But what does this mean? As Qiao notes, the key metric here is not military strength alone, for “you need to ready yourself on the political and economic front before you can raise your battle flag.” China needs to continue to modernise and grow its economy, military, and diplomatic influence. But also—in an implicit reference to the central role of the Belt and Road Initiative (BRI) in China’s ‘rejuvenation’ project—Qiao noted that Beijing should make strides in “internationalising the RMB” (assumedly referring to the plan to mandate BRI loans using a new digitalised RMB), secure supply chains and lock in export markets, and perhaps, by extension, lock in more BRI client states to give China more substantial support in international organisations. Once these have been achieved, America’s capacity to harm China through economic and other forms of retaliation will be blunted, and “without the American factor… taking back Taiwan will be as easy as pie.” At such a point, the when, and even the how, of annexing Taiwan would arguably be immaterial.
This is, of course, but one view from one Chinese military strategist – albeit a respected and influential one. And in opposition to wars in which one first overcomes external constraints and seizes the initiative from a position of strength, which is the avenue Qiao is advocating, there are, of course, ‘breakout wars.’ These are where a weaker power might aggressively attempt to remove external constraints that impede their rise – such as was the case with Japan’s decision to attack the U.S. during World War II. There is indeed an emerging current in Chinese thought that, quoting the American scholar Niall Ferguson, “he who rules Taiwan rules the world,” or that taking Taiwan might expedite China’s rise to regional hegemony and – eventually – global supremacy. But this is a topic for another day.
Even assuming views such as Qiao’s are tipping the balance in contemporary debates in Zhongnanhai, this does not mean that the U.S. and its allies have little need to worry or rush to head off conflict across the Taiwan Strait. What it does mean, however, is that to compete in a Taiwanese ‘unrestricted war’—and the new and evolving form of great power competition between the United States and China more generally—America and its allies need to think beyond military strategy. Moreover, it needs to regain a greater emphasis on trade, fiscal and diplomatic measures/countermeasures. In particular, there needs to be a focus on challenging China’s increasingly aggressive yet effective sharp power (i.e., economic coercion/military intimidation) tactics and carefully scrutinising specific programs that come under the umbrella of the BRI. This means: 1. effectively warning states susceptible to debt traps or RMB diplomacy of the dangers of jumping into poorly defined BLI initiatives, 2. offering better alternatives to the BRI in the shape of more transparent, trustworthy and generous trade/aid agreements, 4. adjusting our diplomatic posture in the Indo-Pacific based on the recognition that the shift from a unipolar to bipolar regional order will change the power dynamics of small state-large state interactions in favour of the former, and lastly, 5. develop resilience through diversifying supply chains and reshoring, and adopt a far less naive approach to the transfer of dual-use technology, ownership of critical resources, and manufacturing capacity.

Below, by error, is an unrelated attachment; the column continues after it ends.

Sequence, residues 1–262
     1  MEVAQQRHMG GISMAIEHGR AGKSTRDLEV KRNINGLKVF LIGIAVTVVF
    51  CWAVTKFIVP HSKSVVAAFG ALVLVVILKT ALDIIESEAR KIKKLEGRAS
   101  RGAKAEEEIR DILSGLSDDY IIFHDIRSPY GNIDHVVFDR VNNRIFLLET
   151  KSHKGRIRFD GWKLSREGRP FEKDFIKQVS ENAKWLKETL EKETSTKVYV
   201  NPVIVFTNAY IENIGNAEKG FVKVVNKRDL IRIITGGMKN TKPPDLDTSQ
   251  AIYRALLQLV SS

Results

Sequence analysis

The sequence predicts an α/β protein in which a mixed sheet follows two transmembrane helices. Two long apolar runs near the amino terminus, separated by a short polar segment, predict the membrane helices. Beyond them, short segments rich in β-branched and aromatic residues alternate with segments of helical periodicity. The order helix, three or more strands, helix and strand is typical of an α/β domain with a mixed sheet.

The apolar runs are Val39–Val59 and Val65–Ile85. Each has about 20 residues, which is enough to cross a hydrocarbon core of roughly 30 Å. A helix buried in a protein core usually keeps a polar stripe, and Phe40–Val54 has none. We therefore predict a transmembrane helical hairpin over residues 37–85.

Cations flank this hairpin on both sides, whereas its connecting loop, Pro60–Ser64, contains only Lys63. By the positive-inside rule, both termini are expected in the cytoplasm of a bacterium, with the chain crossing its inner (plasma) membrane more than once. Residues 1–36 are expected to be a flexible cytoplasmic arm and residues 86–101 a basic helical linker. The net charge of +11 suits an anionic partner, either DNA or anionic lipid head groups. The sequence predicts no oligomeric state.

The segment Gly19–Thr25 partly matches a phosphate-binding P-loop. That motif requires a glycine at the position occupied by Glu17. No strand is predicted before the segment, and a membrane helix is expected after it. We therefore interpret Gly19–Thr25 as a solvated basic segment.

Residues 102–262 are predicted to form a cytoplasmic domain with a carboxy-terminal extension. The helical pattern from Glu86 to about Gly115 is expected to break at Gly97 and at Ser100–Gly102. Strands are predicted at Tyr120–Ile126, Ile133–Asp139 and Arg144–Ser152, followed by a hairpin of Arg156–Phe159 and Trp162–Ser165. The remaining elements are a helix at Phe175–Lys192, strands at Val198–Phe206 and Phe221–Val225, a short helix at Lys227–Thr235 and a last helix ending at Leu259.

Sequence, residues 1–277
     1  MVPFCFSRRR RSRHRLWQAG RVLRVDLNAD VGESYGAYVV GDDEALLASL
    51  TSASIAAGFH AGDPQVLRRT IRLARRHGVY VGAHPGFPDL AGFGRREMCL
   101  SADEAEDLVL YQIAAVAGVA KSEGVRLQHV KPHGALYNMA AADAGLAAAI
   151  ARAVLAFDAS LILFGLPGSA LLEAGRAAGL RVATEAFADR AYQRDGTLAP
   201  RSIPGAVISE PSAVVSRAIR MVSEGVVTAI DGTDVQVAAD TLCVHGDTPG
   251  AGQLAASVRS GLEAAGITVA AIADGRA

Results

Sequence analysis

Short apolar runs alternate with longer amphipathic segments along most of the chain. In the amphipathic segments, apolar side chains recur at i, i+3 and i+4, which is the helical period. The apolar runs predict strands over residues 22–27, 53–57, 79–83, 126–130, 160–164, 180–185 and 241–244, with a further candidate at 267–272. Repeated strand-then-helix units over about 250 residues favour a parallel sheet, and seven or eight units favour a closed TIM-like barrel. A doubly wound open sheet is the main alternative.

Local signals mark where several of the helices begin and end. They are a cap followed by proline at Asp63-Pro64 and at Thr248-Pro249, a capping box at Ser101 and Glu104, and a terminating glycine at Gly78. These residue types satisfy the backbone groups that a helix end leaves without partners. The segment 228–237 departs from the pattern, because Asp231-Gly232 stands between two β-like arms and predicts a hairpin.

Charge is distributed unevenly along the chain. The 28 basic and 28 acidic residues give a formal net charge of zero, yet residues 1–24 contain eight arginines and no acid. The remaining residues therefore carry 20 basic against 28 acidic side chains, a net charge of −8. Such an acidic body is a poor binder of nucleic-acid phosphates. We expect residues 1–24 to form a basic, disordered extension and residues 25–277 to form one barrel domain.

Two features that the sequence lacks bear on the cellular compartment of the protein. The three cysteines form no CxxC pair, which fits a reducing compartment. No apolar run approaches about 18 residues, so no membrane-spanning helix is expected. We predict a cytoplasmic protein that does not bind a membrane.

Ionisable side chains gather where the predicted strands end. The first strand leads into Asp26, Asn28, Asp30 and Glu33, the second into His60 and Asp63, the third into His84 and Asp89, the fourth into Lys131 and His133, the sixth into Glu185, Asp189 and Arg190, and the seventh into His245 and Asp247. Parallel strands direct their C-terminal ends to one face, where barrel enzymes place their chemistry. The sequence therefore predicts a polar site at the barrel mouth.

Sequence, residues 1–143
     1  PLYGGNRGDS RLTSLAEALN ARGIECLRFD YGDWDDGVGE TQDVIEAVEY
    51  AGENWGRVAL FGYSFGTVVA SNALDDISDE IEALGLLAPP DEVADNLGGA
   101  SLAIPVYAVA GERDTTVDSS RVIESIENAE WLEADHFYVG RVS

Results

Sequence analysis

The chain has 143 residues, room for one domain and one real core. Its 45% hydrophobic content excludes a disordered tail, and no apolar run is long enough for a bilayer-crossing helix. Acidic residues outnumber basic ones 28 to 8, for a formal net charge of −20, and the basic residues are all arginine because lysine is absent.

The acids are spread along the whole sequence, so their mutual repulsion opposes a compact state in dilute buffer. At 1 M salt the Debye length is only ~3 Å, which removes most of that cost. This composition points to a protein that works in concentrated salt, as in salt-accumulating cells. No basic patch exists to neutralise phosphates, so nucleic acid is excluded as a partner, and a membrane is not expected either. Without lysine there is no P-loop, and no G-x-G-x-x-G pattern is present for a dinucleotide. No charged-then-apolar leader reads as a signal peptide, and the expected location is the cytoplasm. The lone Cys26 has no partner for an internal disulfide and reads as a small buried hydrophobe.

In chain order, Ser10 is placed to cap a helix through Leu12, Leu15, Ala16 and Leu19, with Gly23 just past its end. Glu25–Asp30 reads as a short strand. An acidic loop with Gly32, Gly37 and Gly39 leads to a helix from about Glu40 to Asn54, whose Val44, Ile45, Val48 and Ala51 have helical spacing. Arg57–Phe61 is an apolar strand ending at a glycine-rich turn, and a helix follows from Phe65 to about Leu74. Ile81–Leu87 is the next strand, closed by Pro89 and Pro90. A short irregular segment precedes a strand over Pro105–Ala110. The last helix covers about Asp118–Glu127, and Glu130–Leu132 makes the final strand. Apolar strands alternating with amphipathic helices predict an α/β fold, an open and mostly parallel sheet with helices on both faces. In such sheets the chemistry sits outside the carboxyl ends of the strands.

Qiao and other Chinese thinkers often claim that the West are ‘using’ Taiwan to impede China’s peaceful rise – a line many are now applying to Western scrutiny of the BRI. Obviously, the West has no place interfering with normal commercial or diplomatic activity – China must compete on an even playing field. Any measures that Beijing might construe as interfering with this right must be carefully calibrated to align with the principles of free trade/respect for each nation’s sovereignty. Their rationale must be explained to the Chinese side. Yet, it needs to be remembered that China, and not the West, has set the parameters of this new kind of ‘unrestricted warfare.’
Although such measures might invite tensions, we should not hand over regional power balance to a nation whose leaders feel that it is ultimately not the decision of the 24 million citizens of a vibrant East Asian democracy to reject their nation’s annexation. In other words, we should not hand it over to a state that is increasingly aggressive towards its neighbours and Orwellian towards its own. China’s ‘rejuvenation is not a negative that we should interfere with; however, it can mean many things. One suspects its definition in Xi Jinping’s China, and what it means for Taiwan, is somewhat different to the case during the more liberal and forward-looking Jiang Zemin period. We should not shy away from calibrating our approach to economic/diplomatic competition with China to reflect this reality.
Corey Lee Bell is a former editor of Taiwan Insight, and chief translator/editor in chief of NEASAIR (North East Asian Security and International Relations). He is currently serving as a postgraduate researcher in Taiwan.
Harley Centner is a student in the International Relations Department of Tufts University and is currently undertaking independent studies in Taiwan.
This article was published as part of Taiwan’s Security & China-US Rivalry special issue. All articles in the special issue can be found here.